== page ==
HC Deb 05 July 1923 vol 166 cc652-3W

asked the Prime Minister whether he proposes to address direct invitations to France, Italy, and America for a conference on the limitation of air forces or whether America has indicated its willingness to call such a conference?


I would refer my hon. and gallant Friend to the answer which I gave on the 2nd instant to the hon. Member for Dundee (Mr. Morel), which applies equally to a conference limited to a few Powers. The answer to the second part of the question is in the negative.


asked the Secretary of State for Air whether he can give for Great Britain, France, Italy, and Germany the following particulars: the number of squadrons in the Air Force, and the average number of machines per squadron, distinguishing, if possible, the types of squadron, the number of civilian machines certified as airworthy, the amount of money voted for the air service in each of the last three financial years for which the information is available, and the total personnel of the air service, distinguishing between flying officers and other ranks and the remainder of the personnel?

Sir S. HOARE: Under the Treaty of Versailles, Germany is prohibited from possessing an air force, and as regards Italy, the whole air force of that country is in a process of re-organisation. I am, therefore, obliged to confine my answer, except so far as concerns civil aviation, to Great Britain and France.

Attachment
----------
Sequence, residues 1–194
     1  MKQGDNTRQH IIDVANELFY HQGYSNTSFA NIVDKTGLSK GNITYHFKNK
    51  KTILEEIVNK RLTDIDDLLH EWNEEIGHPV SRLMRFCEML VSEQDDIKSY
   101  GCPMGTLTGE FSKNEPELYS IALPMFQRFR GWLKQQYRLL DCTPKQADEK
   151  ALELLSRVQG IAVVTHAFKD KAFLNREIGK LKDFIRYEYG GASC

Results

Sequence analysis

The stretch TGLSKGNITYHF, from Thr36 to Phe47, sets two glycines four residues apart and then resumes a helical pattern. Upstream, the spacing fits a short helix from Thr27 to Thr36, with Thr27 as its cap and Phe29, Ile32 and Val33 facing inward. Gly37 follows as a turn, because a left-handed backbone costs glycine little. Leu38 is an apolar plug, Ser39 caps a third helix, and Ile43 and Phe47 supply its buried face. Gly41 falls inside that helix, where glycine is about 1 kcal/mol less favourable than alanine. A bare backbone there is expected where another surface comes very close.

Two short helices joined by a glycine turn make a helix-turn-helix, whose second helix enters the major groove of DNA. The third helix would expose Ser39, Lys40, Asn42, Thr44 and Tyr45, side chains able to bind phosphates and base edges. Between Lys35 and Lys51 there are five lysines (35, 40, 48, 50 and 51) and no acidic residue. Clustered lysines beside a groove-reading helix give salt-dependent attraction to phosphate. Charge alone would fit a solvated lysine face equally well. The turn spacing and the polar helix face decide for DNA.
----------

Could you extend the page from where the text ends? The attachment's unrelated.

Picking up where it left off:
In reply to the first and fourth parts of the question, the figures for this country are as follow: Number of squadrons, 36⅔; number of machines per squadron, 10 to 12; the total number of officers in the Royal Air Force is 2,990, of whom by far the greater number may be classed as flying personnel. The number of airmen is 26,835.

As regards France, I would refer the hon. and gallant Member to the answer which I gave to the right hon. Member for South Molton (Mr. Lambert) on the 28th February last and to the Noble Lord the Member for South Battersea (Viscount Curzon) on the 28th March last.

In reply to the second part of the question, the number of British registered aeroplanes possessing certificates of airworthiness is 100. No similar information is available as regards France, Italy or Germany.

As regards the third part of the question, as far as Great Britain is concerned, I would refer the hon. gallant Member to the Air Estimates As regards France, it is impossible to give the total figures voted on account of Air Services, as a great part of these are included in other Votes, from which it is impossible to extricate them.